Expectedly, the book, My Transition Hours, written by former President Goodluck Jonathan, which was publicly presented 28th November, a day he turned 61, has generated a lot interest within and outside Nigeria. The book is essentially a brief narration of events before, during and after the historic 2015 elections by the central character in the plot.
By no means, an autobiography, Jonathan’s My Transition Hours mainly focused on issues surrounding the 2015 elections by clearly identifying certain factors that decided the course of events against his re-election bid. These include the power struggle within then ruling PDP over the rotation of the presidency between the north and south resulting into a murky politics of ethno-geographic and religious identity.
Contrary to the entrenched perception of him by majority of his countrymen as a weak leader, who was unable to tackle corruption and insecurity effectively, Jonathan gave an insight into his efforts in these regards.
No doubt, the fact is that the Boko Haram insurgency and the unfortunate incidence of the abduction of the Chibok school girls marked a major sour point in the Jonathan presidency. Reading through the fourth chapter of Jonathan’s My Transition Hours, reveals he wasn’t so ‘’clueless’’ of the security situation neither did he fail to act on time to rescue the Chibok girls.
Jonathan gave a brief synopsis of the group, its source of funding and links to ISIS. In fact, the Jonathan administration acted before time to prevent the abduction of the school girls by issuing a security advisory for students to be evacuated from risk prone areas to safer locations. In a letter dated 12th March 2014, addressed to Governor Kashim Shettima of Borno state by then supervising minister of education Nyesom Wike, stated the urgency to relocate ‘’candidates in the federal unity schools be assembled in the respective state capital where they are to sit for the examination in safe locations.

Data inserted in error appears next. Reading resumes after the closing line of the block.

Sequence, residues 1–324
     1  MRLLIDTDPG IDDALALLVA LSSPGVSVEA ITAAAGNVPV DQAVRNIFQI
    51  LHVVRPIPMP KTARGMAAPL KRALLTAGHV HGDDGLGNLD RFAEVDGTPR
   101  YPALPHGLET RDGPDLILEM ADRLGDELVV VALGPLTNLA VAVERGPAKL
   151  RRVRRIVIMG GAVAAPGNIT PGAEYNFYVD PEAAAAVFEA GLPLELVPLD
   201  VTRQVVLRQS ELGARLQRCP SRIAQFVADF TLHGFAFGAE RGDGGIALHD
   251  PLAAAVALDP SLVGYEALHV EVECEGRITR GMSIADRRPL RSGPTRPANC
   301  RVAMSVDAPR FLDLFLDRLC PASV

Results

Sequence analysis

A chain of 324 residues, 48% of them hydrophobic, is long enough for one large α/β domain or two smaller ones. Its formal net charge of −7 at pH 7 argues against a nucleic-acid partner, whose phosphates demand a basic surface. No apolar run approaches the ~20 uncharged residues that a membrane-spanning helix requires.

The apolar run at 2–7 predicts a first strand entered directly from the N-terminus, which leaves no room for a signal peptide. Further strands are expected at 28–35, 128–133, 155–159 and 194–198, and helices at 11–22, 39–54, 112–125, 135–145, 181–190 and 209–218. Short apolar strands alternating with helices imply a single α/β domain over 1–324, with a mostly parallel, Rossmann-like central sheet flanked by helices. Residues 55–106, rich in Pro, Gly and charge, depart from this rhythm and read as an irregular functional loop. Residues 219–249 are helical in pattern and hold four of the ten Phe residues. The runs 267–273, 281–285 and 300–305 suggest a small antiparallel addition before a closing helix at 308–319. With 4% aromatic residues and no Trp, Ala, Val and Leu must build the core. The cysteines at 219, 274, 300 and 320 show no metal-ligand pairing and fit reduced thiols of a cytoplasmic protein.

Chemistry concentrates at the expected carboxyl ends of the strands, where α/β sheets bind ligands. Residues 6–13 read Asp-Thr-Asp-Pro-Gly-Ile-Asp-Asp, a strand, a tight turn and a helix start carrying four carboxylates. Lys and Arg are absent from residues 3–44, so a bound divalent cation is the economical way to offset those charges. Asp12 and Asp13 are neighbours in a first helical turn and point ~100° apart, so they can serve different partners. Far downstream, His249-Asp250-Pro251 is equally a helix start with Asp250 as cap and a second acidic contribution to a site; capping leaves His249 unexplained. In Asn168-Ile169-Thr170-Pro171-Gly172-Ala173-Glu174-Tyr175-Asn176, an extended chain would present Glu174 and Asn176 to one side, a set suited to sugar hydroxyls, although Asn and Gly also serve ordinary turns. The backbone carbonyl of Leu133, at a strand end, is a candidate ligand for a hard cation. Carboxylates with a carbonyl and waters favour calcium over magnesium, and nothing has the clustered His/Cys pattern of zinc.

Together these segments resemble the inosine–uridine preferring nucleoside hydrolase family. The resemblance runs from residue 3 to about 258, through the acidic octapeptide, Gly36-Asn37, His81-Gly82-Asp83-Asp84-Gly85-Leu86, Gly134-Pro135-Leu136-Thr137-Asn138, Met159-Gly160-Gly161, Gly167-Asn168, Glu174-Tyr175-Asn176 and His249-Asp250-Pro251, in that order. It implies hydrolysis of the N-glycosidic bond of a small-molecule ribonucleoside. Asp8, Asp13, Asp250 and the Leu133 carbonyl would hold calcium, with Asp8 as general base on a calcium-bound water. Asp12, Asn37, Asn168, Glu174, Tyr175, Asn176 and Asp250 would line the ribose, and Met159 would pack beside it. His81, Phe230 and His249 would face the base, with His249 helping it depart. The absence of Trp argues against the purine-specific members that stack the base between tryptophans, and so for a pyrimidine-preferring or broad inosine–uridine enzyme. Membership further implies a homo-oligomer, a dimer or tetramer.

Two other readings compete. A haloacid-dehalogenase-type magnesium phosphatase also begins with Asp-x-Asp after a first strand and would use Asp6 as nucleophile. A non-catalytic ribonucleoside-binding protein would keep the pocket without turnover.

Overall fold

You are please enjoined to make contingency arrangements for candidates from public and private schools in your state to sit the examinations in safe locations.’’ For reasons that have remained shrouded in mystery, the governors of Yobe and Adamawa complied with this advisory with the exception of the Borno state governor. This incidence will go a long way to shape mutual suspicion and spin a web of conspiracy theories that was weaponized by then opposition coalition leading to global opprobrium on the Jonathan administration and eventually leading to his defeat.
Whereas he took responsibility for the Chibok girls’ incidence as President and Commander in Chief on whose table the buck stops, as clearly stated on page 31 of the book, Jonathan however lamented the non-cooperative attitude of the Borno state government and the political leadership of the Muslim north in general, which was still smarting from an intense power struggle within the PDP in the build up to the 2011 presidential election.
For violating the PDP power rotation arrangement and taking the turn of the north, Jonathan faced a political revolt in the most populous part of Nigeria to such an extent that all his developmental effort in the north including his effort to combat the Boko Haram insurgency was met with cold stone.
Under this tense atmosphere of hate and mistrust, all hands were not on deck to tackle the problem of Boko Haram insurgency. If Jonathan was not being blamed for not doing enough to curtail the excesses of terror sect, he was also verbally pummelled by the political leadership of the affected region for his hard military measures, which they condemned as punitive. In this statement by Lai Mohammed in reaction to the Chibok girls’ saga, ’’The same government that is apparently behind the activities [Boko Haram’s activities] had bluntly ignored wise counsel and said it will never negotiate their release.’’